By MARIAN GALBRAITH
The growing population of wild hogs in Tennessee has become a major problem, Ed Carter, executive director of the Tennessee Wildlife Resources Agency (TWRA) told The News during a recent visit to a law enforcement leadership conference in Tullahoma.
According to the TWRA website and other sources, wild hogs, also referred to as feral hogs or feral swine, cause roughly $1.5 billion per year nationally in damage to crops, livestock and wildlife habitats as well as environmental damage from erosion into waterways and elimination of certain species within the food chain.
Website information says although they are slightly smaller than domesticated pigs, wild hogs are destructive, nocturnal creatures that eat almost anything and can survive almost any climate as they “root” through the ground, destroying crops, vegetables, worms, and essentially everything in their paths.
Affected farmers have said their fields looked as if a bulldozer had come through after a wild hog attack during the night that left every plant uprooted and destroyed.
“We’ve also seen one running through the woods with a small fawn in its mouth,” Carter said, “so they can definitely harm small animals, too.”
As in Texas and several other states, the problem has reached such disastrous proportions locally that TWRA has recently implemented a multi-pronged eradication program, which is detailed on its website.
“Wild hogs were imported here in the late 1800s from Eastern Europe for game hunting and they’ve gradually mixed in with domesticated pigs that have been released or escaped confinement,” Carter said.
“Sows become sexually active at six months and can have two litters per year with anywhere from four to ten piglets each.”
With females able to produce 10 to 20 offspring per year for up to 14 years of age, TWRA officials say that wild hog population, once introduced to a new area, can increase dramatically each year.
Carter added that while wild hogs used to be confined to the Great Smoky Mountains area, they have recently moved west across Tennessee and were seen as far west as Memphis last year.
While none have been reported to the TWRA in Coffee or Franklin counties, they have become a serious problem in the Crossville and Columbia areas.
Franklin County, which has large tracts of forested, mountainous terrain, could already have feral hogs in those areas that have not been reported.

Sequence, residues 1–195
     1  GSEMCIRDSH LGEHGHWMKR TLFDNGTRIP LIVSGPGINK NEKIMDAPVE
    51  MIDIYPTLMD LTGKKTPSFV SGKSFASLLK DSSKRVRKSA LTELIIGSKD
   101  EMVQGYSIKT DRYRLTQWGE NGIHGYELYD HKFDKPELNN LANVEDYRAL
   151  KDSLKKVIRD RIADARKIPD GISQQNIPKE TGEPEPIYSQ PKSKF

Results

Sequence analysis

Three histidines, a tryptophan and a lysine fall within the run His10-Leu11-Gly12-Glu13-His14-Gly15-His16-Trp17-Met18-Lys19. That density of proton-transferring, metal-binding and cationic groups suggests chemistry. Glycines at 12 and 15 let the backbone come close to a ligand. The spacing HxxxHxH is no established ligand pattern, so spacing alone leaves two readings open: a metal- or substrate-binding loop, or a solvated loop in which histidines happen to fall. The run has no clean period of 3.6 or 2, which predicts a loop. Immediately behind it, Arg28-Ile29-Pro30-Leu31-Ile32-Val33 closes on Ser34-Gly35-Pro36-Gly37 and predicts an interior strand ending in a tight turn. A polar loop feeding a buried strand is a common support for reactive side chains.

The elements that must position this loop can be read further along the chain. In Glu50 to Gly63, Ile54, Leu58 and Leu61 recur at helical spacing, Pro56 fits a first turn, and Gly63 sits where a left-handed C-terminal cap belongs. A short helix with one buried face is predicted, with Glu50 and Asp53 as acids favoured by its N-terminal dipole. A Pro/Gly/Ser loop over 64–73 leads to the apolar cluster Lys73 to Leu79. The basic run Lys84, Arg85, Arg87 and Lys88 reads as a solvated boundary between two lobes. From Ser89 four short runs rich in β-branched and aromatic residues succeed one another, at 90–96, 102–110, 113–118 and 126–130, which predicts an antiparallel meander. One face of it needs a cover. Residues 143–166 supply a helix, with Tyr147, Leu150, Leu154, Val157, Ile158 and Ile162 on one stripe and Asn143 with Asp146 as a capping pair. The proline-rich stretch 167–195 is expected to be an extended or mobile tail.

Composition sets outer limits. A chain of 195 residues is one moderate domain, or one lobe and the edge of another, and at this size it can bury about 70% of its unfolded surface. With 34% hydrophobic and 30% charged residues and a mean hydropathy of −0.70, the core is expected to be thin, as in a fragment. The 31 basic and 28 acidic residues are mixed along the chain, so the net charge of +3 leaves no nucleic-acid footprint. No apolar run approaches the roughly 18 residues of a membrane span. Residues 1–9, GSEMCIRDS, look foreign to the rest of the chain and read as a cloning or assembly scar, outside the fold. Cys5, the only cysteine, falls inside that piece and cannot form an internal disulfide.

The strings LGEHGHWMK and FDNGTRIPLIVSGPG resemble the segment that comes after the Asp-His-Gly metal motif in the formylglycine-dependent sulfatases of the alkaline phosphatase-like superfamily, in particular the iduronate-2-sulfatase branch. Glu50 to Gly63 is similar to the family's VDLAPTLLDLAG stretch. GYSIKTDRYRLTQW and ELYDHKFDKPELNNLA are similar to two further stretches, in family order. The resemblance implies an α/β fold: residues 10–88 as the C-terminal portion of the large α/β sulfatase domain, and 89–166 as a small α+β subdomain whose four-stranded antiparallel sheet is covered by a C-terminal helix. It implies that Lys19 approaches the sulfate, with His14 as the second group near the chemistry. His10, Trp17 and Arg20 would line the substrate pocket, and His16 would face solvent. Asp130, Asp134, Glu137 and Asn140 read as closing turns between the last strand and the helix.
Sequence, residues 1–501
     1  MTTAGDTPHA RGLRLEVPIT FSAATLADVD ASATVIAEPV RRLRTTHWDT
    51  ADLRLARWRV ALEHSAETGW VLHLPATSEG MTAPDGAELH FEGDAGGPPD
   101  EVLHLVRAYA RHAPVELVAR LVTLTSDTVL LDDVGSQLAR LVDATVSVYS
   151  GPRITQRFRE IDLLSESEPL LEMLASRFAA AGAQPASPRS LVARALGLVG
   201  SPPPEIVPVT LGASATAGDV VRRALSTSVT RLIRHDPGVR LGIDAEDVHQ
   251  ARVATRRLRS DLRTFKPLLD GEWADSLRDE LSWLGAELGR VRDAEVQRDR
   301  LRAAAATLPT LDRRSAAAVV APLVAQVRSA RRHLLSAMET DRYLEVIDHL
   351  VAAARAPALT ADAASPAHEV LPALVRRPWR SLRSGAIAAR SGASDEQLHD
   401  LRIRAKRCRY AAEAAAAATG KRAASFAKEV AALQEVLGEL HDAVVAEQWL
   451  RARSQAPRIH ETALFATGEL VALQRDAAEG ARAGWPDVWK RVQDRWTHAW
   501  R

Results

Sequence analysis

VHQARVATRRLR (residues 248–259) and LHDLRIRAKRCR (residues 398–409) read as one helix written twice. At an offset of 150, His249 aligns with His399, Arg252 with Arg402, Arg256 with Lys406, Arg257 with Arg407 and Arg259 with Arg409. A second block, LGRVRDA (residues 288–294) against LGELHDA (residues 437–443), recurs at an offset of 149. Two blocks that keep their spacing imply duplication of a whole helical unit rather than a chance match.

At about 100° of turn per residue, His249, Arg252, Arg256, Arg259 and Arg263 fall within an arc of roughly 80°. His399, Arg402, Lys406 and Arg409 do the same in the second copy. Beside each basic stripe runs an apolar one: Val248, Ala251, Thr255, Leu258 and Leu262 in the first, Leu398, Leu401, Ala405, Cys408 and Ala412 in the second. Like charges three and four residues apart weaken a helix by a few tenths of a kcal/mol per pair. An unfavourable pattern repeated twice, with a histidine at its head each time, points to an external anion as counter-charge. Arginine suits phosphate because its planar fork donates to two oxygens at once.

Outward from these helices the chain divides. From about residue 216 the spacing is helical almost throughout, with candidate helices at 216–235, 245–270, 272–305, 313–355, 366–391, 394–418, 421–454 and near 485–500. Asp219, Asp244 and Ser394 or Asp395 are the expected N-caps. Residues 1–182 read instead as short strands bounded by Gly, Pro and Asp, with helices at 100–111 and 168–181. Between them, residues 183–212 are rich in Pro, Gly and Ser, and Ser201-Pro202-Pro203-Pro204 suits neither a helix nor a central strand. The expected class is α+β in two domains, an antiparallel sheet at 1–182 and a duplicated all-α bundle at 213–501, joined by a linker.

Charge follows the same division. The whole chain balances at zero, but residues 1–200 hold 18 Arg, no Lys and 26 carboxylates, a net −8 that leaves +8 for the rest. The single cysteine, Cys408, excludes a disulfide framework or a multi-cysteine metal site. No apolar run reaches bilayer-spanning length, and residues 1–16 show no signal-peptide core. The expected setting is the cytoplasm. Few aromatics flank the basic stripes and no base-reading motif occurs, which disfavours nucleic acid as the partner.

Carter added that part of the reason the hogs have proliferated in so many states is because hunters have transported them to new environments for local big-game hunting.
“If someone decides to trap a few and transport them to your area, you can develop a serious problem very quickly,” he said.
Unfortunately, hunting alone has been insufficient in controlling their numbers, Carter said, and hunting has now been outlawed on public land in Tennessee.
“It may sound counterintuitive,” Carter said, “but we’ve had to outlaw the hunting of wild hogs on public lands to remove the incentive for trappers to move them to new locations.”
While there is wide latitude for landowners and their designees to kill the pests on private lands — with certain exemptions — and they can be killed as part of certain other large-game hunts, trapping and hunting for wild hogs on public land is now considered a Class B misdemeanor with fines up to $500 including court costs. Transporting them live without proper clearance carries a $2,500 fine.
“You can hunt them on your own land and allow up to ten people to help you with an exemption,” Carter said, “but on public land we have removed them from the big game category to the ‘nuisance’ category.”
At this point, he said, the agency is using intensive trapping and penning to kill as many as 20 to 30 hogs at a time.
“Last year alone, we eradicated more than 4,000 as part of this program, but that’s still not enough to completely control the population.”
Once trapped by TWRA, he said, they must be shot and buried and cannot be given away as food to the public due to liability issues.
“About five to ten percent of these hogs carry diseases that can be spread to livestock and other animals,” he said, “so before humans could safely eat them, they would have to be cooked thoroughly.”
He added that a TWRA employee recently contracted brucellosis, a flu-like respiratory infection, from handling wild hogs and had to undergo a strong round of antibiotics.
He said they also carry pseudorabies, which can be deadly to domesticated pigs and some other animals.
TWRA spokesman Doug Markham also added that while private landowners may trap, kill and/or dispose of the animals however they wish to on their own lands, they must assume all liabilities and cannot transport them live to other locations.
In addition to being slightly smaller than domestic swine, wild hogs have more hair and longer snouts. They are mostly dark in color, although colors vary widely.
An instructional video on the TWRA website also describes them as having a more bison-like shape compared to domesticated pigs, with shoulders slightly wider than their hips.
For more information visit the website address www.tn.gov/twra/feralhog.html
Marian Galbraith can be reached via email at firstname.lastname@example.org.